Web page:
By- Dr. Rajeev Kumar Singh (Assistant Professor of Law) & Anusha Agarwal (LL.M. Scholar), Amity Law School, Amity University Uttar Pradesh, Lucknow Campus.


Sub-judice literally means ‘in course of trial’ and is also referred to in media terms as being ‘under a judge’. Journalists know or should know that from this time on comment about matters before the courts is fraught with danger. The term sub-judice can be defined as “under judicial consideration”. A matter that is pending in court, meaning that any dispute/conflict that is still need to be considered judicially wherein a judgement has not been pronounced can be said to be a matter in sub- judice. It is a rule that forms a part of the law relating to contempt of court. This rule is basically to govern what public statements can be made about ongoing legal proceedings before, principally, the courts. It is the role of the courts to deal with legal issues that are before it, therefore, its role should not be hindered by others making public statements about how these issues should be dealt with. Through an analysis of case studies and theoretical frameworks, the author seeks to disentangle the underlying mechanisms driving sub juice, alleviating light on its destructive effects on the fairness and integrity of legal processes. 

KEYWORD- Sub-judice, Contempt of Court, Ongoing Legal Proceedings, Media Trails, Public Statement.


The main work of the courts is to base its decisions on facts and findings and by making such public statements, the media influences the people, so much so that, the role of evidence is negated. This rule is applicable wherever any court proceedings are ongoing, through all stages of appeal until the matter is completed. The limitation of this rule cannot be restricted to its parties and lawyers but it is applicable to the public and any of the statements made any public officials.

The object of sub-judice law is to prohibit the publication of material that might prejudice civil or criminal proceedings while those proceedings are pending. The sub-judice rule maybe breached by public statements when the public statements issues risk the prejudging matters or issues that are before the courts. It is the concept of prejudging that is the core principle of the rule. A breach of sub-judice can include, say, for example, statements urging the court to reach a particular result in a matter, comments on the strengths or weaknesses of a party’s case or any particular issue commenting on witnesses or evidence in a case. This sub-judice rule operates more as a protective rule rather than being prohibitive in a way that it does not prohibit fair and accurate reporting of factual content and as long as any reporting done by the media does not affect or obstruct the final decision of the case by prejudging the case or its legal issues.

Whether any particular statement raises sub-judice concerns depends on the nature of the statement, the case involved and other circumstances. Members of the media should therefore be careful and empathetic towards the sensitivity and parties to the case and must consult the party’s legal counsel for advice on what may and may not be said about ongoing legal proceedings.

To constitute sub-judice contempt of court must be established:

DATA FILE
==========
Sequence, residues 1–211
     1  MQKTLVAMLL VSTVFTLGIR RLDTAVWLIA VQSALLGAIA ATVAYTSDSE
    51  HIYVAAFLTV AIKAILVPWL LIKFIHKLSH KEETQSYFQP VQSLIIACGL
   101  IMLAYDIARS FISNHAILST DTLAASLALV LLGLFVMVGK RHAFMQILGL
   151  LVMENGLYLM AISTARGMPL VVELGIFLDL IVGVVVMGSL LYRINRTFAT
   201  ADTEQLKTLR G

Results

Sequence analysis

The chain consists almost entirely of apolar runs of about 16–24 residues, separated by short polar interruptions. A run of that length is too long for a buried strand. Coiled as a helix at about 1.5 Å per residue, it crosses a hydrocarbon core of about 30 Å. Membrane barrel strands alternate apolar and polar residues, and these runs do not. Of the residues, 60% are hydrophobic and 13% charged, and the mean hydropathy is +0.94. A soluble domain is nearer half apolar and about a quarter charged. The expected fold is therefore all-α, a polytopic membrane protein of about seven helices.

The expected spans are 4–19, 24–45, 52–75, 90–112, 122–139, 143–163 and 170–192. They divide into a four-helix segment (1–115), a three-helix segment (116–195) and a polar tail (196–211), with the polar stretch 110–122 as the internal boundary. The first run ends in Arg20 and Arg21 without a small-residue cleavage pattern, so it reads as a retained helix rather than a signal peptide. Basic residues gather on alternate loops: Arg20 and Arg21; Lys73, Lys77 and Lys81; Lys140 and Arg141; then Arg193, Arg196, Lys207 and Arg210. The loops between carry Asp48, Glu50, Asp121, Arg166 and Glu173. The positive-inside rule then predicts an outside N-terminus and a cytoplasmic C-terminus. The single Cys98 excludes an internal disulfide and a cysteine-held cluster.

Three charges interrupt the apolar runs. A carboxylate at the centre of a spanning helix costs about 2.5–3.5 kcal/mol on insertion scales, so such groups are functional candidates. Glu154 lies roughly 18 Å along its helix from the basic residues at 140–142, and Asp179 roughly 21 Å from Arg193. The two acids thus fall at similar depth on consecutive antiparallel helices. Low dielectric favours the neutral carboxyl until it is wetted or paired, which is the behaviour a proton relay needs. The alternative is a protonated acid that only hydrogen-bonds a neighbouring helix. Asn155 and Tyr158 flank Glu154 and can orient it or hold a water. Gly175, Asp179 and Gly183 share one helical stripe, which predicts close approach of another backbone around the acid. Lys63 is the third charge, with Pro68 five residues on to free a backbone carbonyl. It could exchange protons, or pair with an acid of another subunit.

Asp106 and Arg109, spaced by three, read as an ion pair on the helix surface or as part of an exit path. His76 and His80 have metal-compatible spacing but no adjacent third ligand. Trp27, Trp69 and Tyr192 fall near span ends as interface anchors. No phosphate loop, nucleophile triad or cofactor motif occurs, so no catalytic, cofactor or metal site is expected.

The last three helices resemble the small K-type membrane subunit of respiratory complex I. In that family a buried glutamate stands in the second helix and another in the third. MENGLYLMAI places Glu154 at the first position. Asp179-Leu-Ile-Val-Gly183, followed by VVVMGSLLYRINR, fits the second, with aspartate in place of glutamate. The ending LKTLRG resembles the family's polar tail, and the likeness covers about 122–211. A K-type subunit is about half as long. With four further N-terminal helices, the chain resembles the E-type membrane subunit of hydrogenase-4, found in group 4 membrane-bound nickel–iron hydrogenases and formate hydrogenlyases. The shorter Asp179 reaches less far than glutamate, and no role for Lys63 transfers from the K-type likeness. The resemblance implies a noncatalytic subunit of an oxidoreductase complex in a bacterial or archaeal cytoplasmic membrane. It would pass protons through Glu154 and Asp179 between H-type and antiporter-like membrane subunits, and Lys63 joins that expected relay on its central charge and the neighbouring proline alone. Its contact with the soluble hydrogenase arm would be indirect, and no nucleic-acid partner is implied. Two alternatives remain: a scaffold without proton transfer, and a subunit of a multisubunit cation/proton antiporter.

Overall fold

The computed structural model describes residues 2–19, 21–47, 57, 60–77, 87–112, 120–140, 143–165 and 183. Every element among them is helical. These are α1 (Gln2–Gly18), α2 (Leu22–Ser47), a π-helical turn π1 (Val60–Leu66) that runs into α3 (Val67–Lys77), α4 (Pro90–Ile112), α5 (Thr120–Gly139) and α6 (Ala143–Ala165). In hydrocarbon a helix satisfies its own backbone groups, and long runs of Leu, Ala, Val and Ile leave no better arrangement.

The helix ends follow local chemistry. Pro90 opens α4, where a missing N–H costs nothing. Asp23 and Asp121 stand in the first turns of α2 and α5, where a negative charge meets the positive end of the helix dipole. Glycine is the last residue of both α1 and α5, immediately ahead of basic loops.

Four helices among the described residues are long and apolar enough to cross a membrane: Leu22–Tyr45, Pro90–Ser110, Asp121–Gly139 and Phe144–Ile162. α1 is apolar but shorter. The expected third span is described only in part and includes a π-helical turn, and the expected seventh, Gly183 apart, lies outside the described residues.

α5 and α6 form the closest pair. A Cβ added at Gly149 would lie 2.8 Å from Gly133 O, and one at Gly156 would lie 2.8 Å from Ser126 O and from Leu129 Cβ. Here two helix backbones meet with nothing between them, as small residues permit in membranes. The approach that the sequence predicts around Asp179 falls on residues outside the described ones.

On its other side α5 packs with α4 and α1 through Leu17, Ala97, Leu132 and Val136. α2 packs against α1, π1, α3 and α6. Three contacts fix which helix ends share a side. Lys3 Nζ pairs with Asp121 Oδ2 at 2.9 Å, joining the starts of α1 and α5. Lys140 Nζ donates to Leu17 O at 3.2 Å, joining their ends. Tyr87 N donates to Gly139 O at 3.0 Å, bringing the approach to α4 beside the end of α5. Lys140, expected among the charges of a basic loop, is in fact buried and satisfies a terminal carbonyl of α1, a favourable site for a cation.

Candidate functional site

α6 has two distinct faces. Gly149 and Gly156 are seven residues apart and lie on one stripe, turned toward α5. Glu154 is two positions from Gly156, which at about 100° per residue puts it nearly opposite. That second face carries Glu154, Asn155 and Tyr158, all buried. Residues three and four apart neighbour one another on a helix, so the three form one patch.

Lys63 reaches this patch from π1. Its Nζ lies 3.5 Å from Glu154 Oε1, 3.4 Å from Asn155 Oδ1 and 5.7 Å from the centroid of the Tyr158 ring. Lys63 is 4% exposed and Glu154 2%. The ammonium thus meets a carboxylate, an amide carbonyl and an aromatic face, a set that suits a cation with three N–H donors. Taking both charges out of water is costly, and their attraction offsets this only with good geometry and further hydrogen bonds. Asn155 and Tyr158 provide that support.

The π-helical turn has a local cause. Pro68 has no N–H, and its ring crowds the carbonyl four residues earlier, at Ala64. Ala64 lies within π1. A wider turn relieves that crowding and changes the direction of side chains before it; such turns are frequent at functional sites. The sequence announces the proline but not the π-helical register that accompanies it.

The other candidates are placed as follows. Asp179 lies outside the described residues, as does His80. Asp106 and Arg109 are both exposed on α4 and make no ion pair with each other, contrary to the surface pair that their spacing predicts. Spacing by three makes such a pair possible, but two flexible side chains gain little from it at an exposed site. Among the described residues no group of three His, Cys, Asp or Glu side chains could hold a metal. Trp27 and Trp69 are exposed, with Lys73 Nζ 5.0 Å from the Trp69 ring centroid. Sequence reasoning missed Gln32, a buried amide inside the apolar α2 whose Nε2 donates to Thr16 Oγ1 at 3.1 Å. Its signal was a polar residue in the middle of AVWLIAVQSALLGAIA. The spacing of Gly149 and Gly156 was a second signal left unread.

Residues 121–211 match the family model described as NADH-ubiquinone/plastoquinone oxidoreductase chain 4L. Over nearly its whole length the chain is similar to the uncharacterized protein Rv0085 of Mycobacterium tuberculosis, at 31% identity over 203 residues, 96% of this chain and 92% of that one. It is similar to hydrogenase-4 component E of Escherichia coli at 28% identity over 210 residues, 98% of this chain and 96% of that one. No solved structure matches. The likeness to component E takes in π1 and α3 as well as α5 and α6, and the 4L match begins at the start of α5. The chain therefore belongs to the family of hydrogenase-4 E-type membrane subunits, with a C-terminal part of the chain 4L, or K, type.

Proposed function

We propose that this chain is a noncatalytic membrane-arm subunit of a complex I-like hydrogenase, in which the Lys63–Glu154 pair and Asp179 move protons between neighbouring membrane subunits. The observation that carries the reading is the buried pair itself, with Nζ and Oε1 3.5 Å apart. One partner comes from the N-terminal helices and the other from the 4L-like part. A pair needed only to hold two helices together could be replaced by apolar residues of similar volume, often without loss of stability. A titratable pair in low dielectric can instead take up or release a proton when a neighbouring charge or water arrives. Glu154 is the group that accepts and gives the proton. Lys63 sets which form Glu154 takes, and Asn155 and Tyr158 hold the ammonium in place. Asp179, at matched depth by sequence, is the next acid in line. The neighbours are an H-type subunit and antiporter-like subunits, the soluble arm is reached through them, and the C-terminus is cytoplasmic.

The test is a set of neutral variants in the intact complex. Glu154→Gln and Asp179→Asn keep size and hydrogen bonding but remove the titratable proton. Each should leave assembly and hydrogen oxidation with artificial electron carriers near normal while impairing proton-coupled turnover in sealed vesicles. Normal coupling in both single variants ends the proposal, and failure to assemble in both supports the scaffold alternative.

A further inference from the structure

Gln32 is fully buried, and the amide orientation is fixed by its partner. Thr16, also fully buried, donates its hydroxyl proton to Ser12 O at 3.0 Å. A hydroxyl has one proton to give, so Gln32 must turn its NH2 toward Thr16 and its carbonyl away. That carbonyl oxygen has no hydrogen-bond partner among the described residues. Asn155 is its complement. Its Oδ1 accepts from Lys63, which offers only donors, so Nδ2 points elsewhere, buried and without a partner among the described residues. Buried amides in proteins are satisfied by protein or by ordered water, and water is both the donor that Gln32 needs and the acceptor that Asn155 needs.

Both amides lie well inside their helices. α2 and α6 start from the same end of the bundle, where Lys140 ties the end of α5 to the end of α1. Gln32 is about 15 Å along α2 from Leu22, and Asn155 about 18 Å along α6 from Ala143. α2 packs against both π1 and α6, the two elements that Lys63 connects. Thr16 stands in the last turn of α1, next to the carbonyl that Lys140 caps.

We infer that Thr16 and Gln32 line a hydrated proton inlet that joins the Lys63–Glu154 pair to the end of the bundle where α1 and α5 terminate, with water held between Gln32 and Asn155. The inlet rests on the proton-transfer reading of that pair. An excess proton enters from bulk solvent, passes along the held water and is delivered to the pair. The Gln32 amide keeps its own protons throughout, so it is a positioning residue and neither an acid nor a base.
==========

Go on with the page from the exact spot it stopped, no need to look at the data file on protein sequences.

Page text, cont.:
That publication took place while proceedings were sub-judice, and

Either that-

There was an intention to interfere with the administration of justice in the proceeding Or 

The publication of the material had that tendency.

The majority of sub-judice contempt cases involving the media concerns the publication of material which has a tendency to interfere with the administration of justice. The tendency must be clear, or real and definite and there must be a substantial risk of serious interference. Establishing the tendency of the material by reference to the circumstances of each case helps to ensure that the law of contempt does not encroach on freedom of speech without justification.

The New South Wales Reform Commission’s (NSWLRC) Report on Contempt recommended a reformulation of the test of liability in terms of a ‘substantial risk of prejudice, rather than a tendency to prejudice proceedings.1 The principal aim of sub-judice contempt is to prevent publications that may damage a fair trial before any actual damage is done. It is therefore necessary to frame liability in terms of the likelihood of prejudice, rather than punish after prejudice has occurred, in order to deter the media from publishing prejudicial material, and encourage them to exercise proper care. It should not be thought contempt law is unique in its application to prevent an infraction of the law before it occurs. However, to speak of contempt as preventative would be misleading; rather it is more properly a deterrent and does not always prevent judicial prejudice.

The restrictions sub-judice places on publicity apply from the time when the procedures of the criminal law have been set in motion. This means when a person has been arrested or charged, or if a summons or information has been issued. The New South Wales Reforms Commission recommends the starting point for sub-judice in that state begins with:

The arrest of the accused

The laying of the charge

The issue of a court attendance notice and its filing in the registry of the relevant court, or

The filing of an ex-officio indictment

However, under the Contempt of Courts act, 1971, in India, the contempt law of sub judice is in motion even if a warrant or a summon has been issued whereas the new south wales commission does not take in the warrant of arrest issue in view.